A Chinese firm plans to create the world's biggest ocean thermal electric plant, and has enlisted the engineering expertise of one of America's biggest defence contractors to fulfill this ambition.

The Beijing-based Reignwood Group has inked a contract with Lockheed Martin for the design of the world’s largest power plant, which will generate electricity via a process known as ocean thermal energy conversion (OTEC).

Reignwood, a Chinese firm specializing in consumer and lifestyle products, hopes to use the proposed 10 megawatt plant to supply electricity to a seaside resort slated for construction somewhere along the coast of southern China.

Dan Heller, vice president of new ventures for Lockheed’s Mission Systems and Training Unit, says that while other groups are currently working on OTEC plants, the facility under development by Reignwood will “be magnitudes larger than [anything] anybody else, including ourselves, have ever attempted.”

The plant will generate enough electricity to power around 10,000 small residential units.

While the proposed facility is set to be the biggest in the world, it pales in comparison to Lockheed’s plans for scaling up the technology. Heller says Lockheed hopes to build a 100 megawatt OTEC plant once the Reignwood project proves the technical and economic viability of oceanic thermal energy generation.

“I do believe that sometime during the course of this project, we will begin work on the 100 megawatt design,” Heller said.

Heller believes the heightened economic viability of large-scale OTEC plants will abet their adoption in places around the world endowed with the right oceanic resources.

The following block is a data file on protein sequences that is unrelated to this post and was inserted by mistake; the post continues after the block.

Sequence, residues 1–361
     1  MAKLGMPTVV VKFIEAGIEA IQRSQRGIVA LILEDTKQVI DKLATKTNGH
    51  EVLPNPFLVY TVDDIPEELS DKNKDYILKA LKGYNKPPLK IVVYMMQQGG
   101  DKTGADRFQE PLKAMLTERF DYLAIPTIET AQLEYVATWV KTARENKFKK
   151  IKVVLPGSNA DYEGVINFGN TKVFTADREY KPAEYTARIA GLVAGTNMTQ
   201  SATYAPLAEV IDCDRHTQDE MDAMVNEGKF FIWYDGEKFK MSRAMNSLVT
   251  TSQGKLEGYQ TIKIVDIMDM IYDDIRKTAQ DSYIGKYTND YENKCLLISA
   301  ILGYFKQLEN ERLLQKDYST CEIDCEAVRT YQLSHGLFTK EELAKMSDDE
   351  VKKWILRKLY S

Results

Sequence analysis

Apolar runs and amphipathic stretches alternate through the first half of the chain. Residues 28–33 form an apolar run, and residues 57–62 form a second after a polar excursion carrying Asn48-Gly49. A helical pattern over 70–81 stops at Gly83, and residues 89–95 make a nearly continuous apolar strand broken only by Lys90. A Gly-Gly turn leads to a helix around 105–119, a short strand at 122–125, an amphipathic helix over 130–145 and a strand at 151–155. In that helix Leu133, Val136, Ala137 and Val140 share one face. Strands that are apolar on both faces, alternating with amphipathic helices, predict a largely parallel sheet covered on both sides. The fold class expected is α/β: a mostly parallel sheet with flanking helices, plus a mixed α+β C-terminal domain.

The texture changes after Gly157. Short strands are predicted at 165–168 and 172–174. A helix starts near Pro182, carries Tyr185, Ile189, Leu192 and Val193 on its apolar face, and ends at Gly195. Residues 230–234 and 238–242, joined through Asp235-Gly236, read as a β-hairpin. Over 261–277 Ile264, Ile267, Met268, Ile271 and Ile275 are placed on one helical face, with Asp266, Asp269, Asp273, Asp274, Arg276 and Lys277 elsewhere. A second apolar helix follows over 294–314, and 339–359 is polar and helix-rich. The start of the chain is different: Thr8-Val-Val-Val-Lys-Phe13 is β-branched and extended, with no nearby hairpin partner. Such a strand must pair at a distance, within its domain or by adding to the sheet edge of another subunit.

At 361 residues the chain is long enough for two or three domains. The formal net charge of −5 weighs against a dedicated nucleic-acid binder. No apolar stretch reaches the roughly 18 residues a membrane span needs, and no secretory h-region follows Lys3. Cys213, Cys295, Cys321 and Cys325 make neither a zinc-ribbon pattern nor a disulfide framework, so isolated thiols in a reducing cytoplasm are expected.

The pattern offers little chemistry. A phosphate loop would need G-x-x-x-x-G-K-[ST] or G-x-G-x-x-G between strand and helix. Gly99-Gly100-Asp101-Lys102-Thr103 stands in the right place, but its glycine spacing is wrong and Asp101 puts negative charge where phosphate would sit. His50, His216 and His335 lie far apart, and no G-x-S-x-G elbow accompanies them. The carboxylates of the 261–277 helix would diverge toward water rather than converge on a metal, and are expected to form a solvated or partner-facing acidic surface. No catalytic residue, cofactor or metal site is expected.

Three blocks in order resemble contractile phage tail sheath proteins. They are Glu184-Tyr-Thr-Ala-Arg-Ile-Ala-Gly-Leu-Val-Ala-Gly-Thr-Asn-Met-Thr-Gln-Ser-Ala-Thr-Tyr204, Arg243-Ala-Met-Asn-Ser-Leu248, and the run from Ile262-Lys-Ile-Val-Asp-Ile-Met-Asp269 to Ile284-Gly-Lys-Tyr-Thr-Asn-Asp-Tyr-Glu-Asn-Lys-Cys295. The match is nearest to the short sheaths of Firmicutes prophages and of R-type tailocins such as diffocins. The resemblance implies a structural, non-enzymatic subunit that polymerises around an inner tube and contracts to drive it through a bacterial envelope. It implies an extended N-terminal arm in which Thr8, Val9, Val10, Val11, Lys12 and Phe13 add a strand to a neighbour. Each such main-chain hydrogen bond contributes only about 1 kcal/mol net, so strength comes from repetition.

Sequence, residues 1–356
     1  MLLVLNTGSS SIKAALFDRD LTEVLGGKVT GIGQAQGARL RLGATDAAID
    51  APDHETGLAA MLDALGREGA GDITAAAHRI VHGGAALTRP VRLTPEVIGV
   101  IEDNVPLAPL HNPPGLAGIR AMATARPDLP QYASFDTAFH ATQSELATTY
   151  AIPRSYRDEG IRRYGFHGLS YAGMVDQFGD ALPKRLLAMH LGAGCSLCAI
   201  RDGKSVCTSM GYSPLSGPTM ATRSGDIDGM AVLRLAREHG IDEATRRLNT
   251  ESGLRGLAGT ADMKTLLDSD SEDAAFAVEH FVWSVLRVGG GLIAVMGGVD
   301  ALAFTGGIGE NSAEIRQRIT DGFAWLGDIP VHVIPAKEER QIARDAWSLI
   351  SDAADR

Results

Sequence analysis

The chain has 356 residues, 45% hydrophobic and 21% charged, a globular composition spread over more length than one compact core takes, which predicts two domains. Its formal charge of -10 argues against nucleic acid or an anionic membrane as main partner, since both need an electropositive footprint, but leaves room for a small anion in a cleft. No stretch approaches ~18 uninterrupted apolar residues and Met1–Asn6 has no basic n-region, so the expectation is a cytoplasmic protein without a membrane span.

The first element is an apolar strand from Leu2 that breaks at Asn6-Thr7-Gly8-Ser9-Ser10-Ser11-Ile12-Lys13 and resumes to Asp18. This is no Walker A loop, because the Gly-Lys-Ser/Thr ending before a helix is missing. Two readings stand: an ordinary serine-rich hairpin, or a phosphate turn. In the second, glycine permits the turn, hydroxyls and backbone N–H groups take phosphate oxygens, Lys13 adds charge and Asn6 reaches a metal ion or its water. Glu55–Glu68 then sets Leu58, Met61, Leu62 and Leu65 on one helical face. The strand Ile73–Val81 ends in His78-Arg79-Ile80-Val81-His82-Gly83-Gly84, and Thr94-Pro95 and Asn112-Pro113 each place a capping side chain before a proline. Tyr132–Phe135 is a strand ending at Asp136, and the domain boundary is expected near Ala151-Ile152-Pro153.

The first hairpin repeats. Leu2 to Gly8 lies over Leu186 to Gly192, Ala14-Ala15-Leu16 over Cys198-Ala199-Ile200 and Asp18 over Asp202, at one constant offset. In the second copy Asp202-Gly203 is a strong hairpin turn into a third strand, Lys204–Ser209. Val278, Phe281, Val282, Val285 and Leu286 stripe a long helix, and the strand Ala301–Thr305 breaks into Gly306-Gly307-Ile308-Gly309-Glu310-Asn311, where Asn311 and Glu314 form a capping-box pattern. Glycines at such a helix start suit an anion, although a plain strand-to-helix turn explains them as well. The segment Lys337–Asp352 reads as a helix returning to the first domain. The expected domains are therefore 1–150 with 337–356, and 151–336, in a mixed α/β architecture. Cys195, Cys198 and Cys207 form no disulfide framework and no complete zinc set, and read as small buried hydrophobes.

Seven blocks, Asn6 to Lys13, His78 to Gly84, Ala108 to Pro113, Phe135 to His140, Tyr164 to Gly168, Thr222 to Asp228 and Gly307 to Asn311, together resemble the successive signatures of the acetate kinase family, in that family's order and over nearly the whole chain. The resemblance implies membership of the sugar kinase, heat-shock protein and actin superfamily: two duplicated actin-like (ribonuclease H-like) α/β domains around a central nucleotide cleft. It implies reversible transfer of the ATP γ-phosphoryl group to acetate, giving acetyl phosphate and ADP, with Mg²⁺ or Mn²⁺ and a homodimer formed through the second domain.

“In my estimation, starting in about five years from today, we’re going to be in a position to start marketing the 100 megawatt and the 10 megawatt version globally,” he said.

The contract executed by Lockheed and Reignwood will cover the initial 10-month design phase of what is expected to be a three-and-a-half-year process.

The development will employ processes which have already been trialled in smaller facilities but have yet to be applied to projects on a commercial scale. Lockheed has remained mum, however, on the value of the contract or the expected cost for the development’s construction.

According to Heller, the reason both parties decided to execute a comparatively brief, 10-month design contract initially was due to inability to accurately determine the final cost for the project given the fledgling nature of the technology it employs.

The OTEC process leverages the disparities in water temperature found at different depths in tropical oceans to generate electricity via steam-driven turbines.

The closed system plant which will be adopted for the Reignwood project uses warmer surface waters to convert liquid ammonia, which has a low boiling point, into gas which can power the steam turbines.

Cold water from much deeper below the ocean’s surface is then used to convert the ammonia gas back into a  liquid so the process can re-commence.

While Lockheed Martin is best known as one of the US government’s biggest defence contractors, the company has extensive and long-standing involvement with the development of  OTEC technology.

The company assisted in the construction of the world’s first OTEC system to generate net power back in the 1970s, and in 2009 was awarded a contract for the development of an OTEC pilot plant in Hawaii which would have had a 10-megawatt capacity, equivalent to the Reignwood project.

The Hawaiian project was subsequently scuppered, however, when the US Navy determined that the system was not viable.